Reference > Quotations > S. Austin Allibone, comp. > Prose Quotations from Socrates to Macaulay
S. Austin Allibone, comp.  Prose Quotations from Socrates to Macaulay.  1880.
  Above all subjects study thine own self. For no knowledge that terminates in curiosity or speculation is comparable to that which is of use; and of all useful knowledge that is most so which consists in the due care and just notions of ourselves. This study is a debt which every one owes himself. Let us not then be so lavish, so unjust, as not to pay this debt, by spending some part at least, if we cannot all, or most of our time and care upon that which has the most indefeasible claim to it. Govern your passions, manage your actions with prudence, and where false steps have been made, correct them for the future. Let nothing he allowed to grow headstrong and disorderly; but bring all under discipline. Set all your faults before your eyes, and pass sentence upon yourself with the same severity as you would do upon another for whom no partiality had biassed your judgment.
  It is fit for a man to know his own abilities and weaknesses, and not think himself obliged to imitate all that he thinks fit to praise.
Robert Boyle.    
  Reader, you have been bred in a land abounding with men able in arts, learning, and knowledges manifold: this man in one, this in another; few in many, none in all. But there is one art of which every man should be a master,—the art of reflection. If you are not a thinking man, to what purpose are you a man at all? In like manner, there is one knowledge which it is every man’s duty and interest to acquire, namely, self-knowledge. Or to what end was man alone, of all animals, endued by the Creator with the faculty of self-consciousness?
Samuel Taylor Coleridge.    
  He that knows himself knows others; and he that is ignorant of himself could not write a very profound lecture on other men’s heads.
Charles Caleb Colton: Lacon.    
  The imperfection of self-knowledge must often expose us to the danger of self-delusion, the only remedy for which is self-distrust: this evinces the necessity of self-denial; and our general security (with divine assistance) must be in self-command.
W. Danby.    
  We come into the world, and know not how: we live in it in a state of self-nescience, and go hence again, and are as ignorant of our recess.
Joseph Glanvill.    
  He that knows most of himself, knows least of his knowledge, and the exercised understanding is conscious of its disability.
Joseph Glanvill.    
  Though this vicinity of ourselves to ourselves cannot give us the full prospect of all the intrigues of our nature, yet we have much more advantage to know ourselves than to know other things without us.
Sir Matthew Hale.    
  Next to the knowledge of God this knowledge of ourselves seems most worthy of our endeavour.
Sir Matthew Hale.    
  When a man employs himself upon remote and unnecessary subjects, and wastes his life upon questions which cannot be resolved, and of which the solution would conduce very little to the advancement of happiness; when he lavishes his hours in calculating the weight of the terraqueous globe, or in adjusting successive systems of worlds beyond the reach of the telescope; he may be very properly recalled from his excursions by this precept, and reminded that there is a nearer being with which it is his duty to be more acquainted; and from which his attention has hitherto been withheld by studies to which he has no other motive than vanity or curiosity.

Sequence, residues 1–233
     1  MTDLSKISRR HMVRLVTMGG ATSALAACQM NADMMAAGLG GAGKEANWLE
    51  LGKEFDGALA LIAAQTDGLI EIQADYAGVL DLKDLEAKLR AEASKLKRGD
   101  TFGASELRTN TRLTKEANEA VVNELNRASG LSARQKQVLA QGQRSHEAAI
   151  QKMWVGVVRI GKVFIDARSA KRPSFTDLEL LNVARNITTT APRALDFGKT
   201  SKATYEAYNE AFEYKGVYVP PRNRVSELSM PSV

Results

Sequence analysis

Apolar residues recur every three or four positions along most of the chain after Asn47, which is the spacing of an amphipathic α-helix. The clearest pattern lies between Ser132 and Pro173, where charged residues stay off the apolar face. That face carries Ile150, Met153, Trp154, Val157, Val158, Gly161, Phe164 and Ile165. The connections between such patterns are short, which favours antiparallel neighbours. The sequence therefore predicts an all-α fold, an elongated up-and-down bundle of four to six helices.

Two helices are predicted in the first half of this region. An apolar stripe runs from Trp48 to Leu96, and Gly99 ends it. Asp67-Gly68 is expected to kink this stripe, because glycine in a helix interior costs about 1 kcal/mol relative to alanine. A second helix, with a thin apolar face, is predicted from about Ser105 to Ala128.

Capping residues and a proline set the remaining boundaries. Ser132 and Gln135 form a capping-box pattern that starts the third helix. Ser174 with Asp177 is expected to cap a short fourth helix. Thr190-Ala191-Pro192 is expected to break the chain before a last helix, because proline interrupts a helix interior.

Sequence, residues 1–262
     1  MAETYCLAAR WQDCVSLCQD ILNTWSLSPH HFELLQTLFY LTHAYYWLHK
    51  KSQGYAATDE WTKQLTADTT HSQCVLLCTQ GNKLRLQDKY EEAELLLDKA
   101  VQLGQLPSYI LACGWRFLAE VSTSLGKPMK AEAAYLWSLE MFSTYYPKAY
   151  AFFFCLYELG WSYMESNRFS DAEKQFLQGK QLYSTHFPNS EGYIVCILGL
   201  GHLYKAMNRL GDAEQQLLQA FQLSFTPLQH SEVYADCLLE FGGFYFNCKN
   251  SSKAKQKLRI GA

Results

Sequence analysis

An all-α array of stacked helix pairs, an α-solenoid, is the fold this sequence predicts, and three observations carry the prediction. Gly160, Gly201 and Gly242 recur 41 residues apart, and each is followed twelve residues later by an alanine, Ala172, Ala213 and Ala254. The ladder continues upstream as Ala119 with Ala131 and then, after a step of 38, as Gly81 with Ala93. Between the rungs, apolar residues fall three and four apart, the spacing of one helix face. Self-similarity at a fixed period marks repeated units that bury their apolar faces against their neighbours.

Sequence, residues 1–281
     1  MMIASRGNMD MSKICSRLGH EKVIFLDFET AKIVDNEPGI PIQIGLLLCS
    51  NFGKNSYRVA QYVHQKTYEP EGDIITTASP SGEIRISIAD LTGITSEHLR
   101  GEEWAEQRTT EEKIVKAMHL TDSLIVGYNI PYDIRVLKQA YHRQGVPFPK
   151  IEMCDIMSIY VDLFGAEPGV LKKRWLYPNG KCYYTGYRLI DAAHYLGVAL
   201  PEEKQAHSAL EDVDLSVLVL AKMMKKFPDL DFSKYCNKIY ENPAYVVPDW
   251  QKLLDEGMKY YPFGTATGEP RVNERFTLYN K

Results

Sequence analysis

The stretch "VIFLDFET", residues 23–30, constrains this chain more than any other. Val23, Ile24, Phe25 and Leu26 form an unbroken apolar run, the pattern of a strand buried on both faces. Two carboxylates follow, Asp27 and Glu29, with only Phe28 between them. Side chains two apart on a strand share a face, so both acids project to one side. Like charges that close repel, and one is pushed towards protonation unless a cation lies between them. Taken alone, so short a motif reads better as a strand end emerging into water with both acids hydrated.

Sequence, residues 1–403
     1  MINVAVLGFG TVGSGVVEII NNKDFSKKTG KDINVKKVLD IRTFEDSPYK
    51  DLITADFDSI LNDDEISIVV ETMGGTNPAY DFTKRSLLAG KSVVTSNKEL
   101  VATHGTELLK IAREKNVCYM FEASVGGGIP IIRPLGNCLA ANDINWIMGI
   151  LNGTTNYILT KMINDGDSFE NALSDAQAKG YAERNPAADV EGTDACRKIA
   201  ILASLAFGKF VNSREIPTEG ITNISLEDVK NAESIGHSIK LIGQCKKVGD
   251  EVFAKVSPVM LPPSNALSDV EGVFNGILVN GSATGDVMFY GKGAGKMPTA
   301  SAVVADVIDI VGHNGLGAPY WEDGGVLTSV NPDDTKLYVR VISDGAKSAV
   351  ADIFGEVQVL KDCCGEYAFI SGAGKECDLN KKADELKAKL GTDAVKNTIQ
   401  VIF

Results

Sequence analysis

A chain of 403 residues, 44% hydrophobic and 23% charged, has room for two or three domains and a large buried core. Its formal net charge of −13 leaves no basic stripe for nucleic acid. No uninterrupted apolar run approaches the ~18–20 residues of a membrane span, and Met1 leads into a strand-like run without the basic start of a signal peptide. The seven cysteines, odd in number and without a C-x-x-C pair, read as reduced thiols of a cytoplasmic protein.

Dr. Samuel Johnson: Rambler, No. 24.    
  When a right knowledge of ourselves enters into our minds, it makes as great a change in all our thoughts and apprehensions as when we awake from the wanderings of a dream.
William Law.    
  It is by the consciousness it has of its present thoughts and actions, that it is self to itself now, and so will be the same self as far as the same consciousness can extend to actions past or to come.
John Locke.    
  We find this great precept often repeated in Plato, do thine own work, and know thyself. Of which two parts both the one and the other generally comprehend our whole duty, and consequently do each of them complicate and involve the other; for who will do his own work aright will find that his first lesson is to know himself: and who rightly understands himself will never mistake another man’s work for his own, but will love and improve himself above all other things, will refuse superfluous employments, and reject all unprofitable thoughts and propositions.
Michel de Montaigne: Essays, Cotton’s 3d ed., ch. iii.    
  My faults will not be hid, and it is no dispraise to me that they will not: the clearness of one’s mind is never better proved than in discovering its own faults.
Alexander Pope.    
  If self-knowledge be a path to virtue, virtue is a much better one to self-knowledge. The more pure the soul becomes, it will, like precious stones that are sensible to the contact of poison, shrink from the fetid vapours of evil impressions.
Jean Paul F. Richter.    
  No man truly knoweth himself but he groweth daily more contemptible in his own eyes.
Jeremy Taylor: Guide to Devotion.    
  Of all literary exercitations, whether designed for the use or entertainment of the world, there are none of so much importance, or so immediately our concern, as those which let us into the knowledge of our own nature. Others may exercise the understanding or amuse the imagination; but these only can improve the heart and form the human mind to wisdom.
Bishop William Warburton.    
  The most difficult thing in life is to know yourself.

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